Sunday, January 29, 2012


Seeds scattered in late November are coming up everywhere!


Larkspur seedlings with little fringed leaves.

Rudbeckia. There is a seed pod and a tiny flower.
Lots of chickweed abounds. Hot spring sun will take it out if
I don't get around to pulling it all.

3 kinds of poppies: corn, California and breadseed poppies

Native Corydalis and California poppy seedlings. 
Corydalis looks like parsley, except with blue leaves.
California poppy leaves look like blue fern.
The big leaves to the left are Verbena bonariensis, hanging on through the freezes.

These are Hardy annuals. Freezes will not faze them.

Secrets of a Seedscatterer       

Friday, January 27, 2012

Pruning Wisteria Winds up the Week

Battling a cold left me so tired of being inside. I put on a hoodie against the wind and went out in the sunshine with pruning shears and loppers. Daffodils are promising spring and the weatherman is promising a freeze this weekend. Cat brier vines grown up in the wisteria needed to be gotten out along with some pruning of boxwoods. Cat brier roots need grubbing out when I'm up to the task.

Rye grass has done well in this area. Daffodils keep putting out a
tentative bloom, as if to test whether it's spring yet. 
Wisteria ringed by boxwoods at far right.

I tried to keep the wisteria pruned in bounds all summer and fall.
The ancient boxwoods surrounding the wisteria were pruned in stages.
Boxwoods get another pruning before they're sheared, to ensure good
growth in the interior of the plants.

Light pruning of lantana stems allow daffodils easier growth.
There's an eager bud in every crowd, impatient to show off.

There is a tiny white spider at the left lower
edge of this daffodil cup.

White azaleas tried to bloom all month.
Freezes keep nipping them back.

Dogwood stems and buds are silhouetted against the sky behind the azaleas, promising spring.
We still have February to go through and part of March before the threat of frost is gone.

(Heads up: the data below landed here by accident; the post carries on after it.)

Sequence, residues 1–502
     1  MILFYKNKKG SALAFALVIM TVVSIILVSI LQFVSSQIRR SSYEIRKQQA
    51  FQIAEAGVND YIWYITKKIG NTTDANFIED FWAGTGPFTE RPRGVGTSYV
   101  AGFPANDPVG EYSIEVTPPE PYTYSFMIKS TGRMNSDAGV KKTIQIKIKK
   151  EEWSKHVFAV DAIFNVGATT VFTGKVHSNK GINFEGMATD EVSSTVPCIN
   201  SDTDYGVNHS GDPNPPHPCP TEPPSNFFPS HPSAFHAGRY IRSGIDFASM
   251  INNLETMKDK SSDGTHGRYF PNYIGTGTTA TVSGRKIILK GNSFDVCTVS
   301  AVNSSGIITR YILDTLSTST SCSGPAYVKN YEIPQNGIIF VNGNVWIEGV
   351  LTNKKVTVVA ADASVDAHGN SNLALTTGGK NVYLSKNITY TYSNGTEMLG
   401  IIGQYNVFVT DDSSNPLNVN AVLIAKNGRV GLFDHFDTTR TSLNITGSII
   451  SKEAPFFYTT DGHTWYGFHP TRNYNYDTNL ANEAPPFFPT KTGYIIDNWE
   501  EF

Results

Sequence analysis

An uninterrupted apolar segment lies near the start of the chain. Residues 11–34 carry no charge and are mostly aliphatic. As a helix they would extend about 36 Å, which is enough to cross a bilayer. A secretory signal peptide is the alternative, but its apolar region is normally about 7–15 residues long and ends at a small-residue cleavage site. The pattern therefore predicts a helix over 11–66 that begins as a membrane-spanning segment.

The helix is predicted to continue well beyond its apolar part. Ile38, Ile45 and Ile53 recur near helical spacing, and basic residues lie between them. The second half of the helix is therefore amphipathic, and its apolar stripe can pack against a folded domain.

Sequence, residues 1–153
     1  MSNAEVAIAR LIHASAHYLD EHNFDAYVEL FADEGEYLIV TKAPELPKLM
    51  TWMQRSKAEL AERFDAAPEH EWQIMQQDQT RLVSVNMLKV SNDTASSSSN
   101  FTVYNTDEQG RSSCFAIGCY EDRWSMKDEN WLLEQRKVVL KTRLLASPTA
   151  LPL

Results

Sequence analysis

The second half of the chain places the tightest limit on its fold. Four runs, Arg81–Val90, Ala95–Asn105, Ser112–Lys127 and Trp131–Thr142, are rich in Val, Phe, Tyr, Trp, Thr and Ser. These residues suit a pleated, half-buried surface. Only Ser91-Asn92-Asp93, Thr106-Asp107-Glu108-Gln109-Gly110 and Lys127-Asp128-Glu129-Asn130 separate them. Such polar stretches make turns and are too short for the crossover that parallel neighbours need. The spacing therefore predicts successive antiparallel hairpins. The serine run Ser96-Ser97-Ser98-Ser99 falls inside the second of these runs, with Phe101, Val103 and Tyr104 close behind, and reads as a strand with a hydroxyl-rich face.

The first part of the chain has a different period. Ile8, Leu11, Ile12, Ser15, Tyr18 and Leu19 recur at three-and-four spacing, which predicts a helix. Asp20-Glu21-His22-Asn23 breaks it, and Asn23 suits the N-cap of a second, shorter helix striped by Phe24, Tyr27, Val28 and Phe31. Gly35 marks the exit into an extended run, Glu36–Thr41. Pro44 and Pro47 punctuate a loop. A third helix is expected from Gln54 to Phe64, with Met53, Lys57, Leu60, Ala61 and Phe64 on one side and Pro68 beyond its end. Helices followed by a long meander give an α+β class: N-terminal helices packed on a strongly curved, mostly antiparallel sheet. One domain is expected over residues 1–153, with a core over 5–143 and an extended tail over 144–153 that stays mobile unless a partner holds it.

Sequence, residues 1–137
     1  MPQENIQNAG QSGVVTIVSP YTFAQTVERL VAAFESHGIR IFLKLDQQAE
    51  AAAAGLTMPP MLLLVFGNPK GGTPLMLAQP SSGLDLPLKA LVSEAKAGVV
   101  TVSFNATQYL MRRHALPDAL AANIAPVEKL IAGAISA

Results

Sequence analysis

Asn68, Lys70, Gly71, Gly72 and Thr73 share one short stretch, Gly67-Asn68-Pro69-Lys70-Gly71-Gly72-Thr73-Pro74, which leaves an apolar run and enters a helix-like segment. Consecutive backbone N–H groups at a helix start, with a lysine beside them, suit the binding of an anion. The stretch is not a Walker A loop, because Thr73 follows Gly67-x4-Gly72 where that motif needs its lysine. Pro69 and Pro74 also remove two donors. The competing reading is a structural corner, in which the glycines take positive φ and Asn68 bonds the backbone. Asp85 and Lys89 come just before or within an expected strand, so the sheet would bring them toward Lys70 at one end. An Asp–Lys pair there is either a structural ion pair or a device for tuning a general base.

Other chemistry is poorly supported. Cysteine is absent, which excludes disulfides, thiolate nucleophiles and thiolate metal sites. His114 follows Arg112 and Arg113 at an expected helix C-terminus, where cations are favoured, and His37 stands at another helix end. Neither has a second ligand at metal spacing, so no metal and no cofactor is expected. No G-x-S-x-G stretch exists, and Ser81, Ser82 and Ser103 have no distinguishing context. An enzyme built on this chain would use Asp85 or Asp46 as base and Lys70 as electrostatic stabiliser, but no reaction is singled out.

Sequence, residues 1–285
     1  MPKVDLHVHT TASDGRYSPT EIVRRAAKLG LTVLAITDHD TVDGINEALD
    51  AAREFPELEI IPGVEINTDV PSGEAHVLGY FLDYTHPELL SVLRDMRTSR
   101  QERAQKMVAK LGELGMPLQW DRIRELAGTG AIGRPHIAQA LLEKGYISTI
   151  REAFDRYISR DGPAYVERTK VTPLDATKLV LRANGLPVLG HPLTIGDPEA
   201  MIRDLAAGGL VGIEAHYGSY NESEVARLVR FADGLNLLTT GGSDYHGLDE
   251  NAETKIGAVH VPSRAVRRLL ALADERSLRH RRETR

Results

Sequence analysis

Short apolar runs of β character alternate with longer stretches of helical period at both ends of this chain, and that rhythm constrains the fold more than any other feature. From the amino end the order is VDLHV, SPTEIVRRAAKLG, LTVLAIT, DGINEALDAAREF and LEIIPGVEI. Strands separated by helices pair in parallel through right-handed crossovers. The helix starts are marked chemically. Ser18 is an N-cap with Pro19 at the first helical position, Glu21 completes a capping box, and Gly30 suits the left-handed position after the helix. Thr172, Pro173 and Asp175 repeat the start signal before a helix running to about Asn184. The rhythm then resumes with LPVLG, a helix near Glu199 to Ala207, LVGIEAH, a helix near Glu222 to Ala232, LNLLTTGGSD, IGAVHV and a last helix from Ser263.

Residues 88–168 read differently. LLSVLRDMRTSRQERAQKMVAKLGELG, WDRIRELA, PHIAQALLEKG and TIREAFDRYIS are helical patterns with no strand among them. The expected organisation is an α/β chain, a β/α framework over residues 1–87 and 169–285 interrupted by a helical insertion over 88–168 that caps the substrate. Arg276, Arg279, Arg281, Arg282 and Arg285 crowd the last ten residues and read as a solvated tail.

I have more than enough pruning to keep me busy on every warm day.

Wisteria buds promise a sight like the one below, in about 8 weeks.

Wisteria from a previous year, same site as above.

Secrets of a Seedscatterer      

Wednesday, January 25, 2012

Back to the Fuchsia

Pantone anounced the colors for spring 2012. These are mostly intended as fashion and home decor colors, but I like to include them in garden planning where practical.

Listed in order of popularity, Spring 2012's It-Colors are (from top down) Tangerine Tango, Solar Power, Sodalite Blue, Cabaret, Starfish, Margarita, Sweet Lilac, Driftwood, Bellflower and Cockatoo.

The least favorite is my new favorite pot color in the greenhouse, Cockatoo -- I call it aqua. I recently bought aqua pots and similar ones in white. I like pots that are not colors that I'll have flowers in that color, except for white.

The color of the year, Tangerine Tango is the color of a number of flowers in the summer garden: daylilies, Kniphofia, Tithonia, Bengal Tiger Cannas, Zinnias, even Opium poppies in the spring garden.

Tangerine Tango does not have to be bright orange. It can be mixed with increasing doses of white to become a very pale luscious color.

Poppy, 2011

The second favorite, Solar Power, shows up as Black Eyed Susans, daylilies, Melampodium, Sternbergias and of course, Daffodils!

Daffodils, Spring 2011

Looking at some of the palettes from Pantone, I'm inspired to use some old favorites in new ways. My usual combo of Chartreuse alternanthera and purple Setcreasea might be made new with the greyish foliage of Rose Campion and some white flowers. Nicotiana or white petunias might be nice. The purples and chartreuse are usually are accompanied by Black Eyed Susans followed by Melampodium.

September, 2011

Meanwhile, here are the latest Camellias blooming. Can we call them Cabaret?

Cabaret and Sweet Lilac show up in late March as Azalea colors, joining fuchsia fringes of Loropetalum that will bloom from now to late April, with the biggest show in late February and March. White azaleas bloomed out of season here the past week. When hot weather comes, every shade of pink Pentas will bloom for the delight of butterflies.

Starfish will be showing up in the greenhouse to replace the bright blue skirt that hides the water barrels. I'll be telling you about that project soon. I'm waiting for hyacinths to finish blooming so I can move some pots out of the way.

Oh, and the seeds! It's time to start certain seeds. Are you ready? Will you plant Tangerine Tango and Solar Power, or old favorites?

Secrets of a Seedscatterer    

Monday, January 23, 2012

Speak to Me in Plain English, Madam, and Do Not Talk Southern

I've found a new source of ideas for garden styling. There is a string of Swedish blogs in my feed reader. Reading them is a 3-step process: open the reader, go to the site, translate in Google Translate which doesn't work in the reader.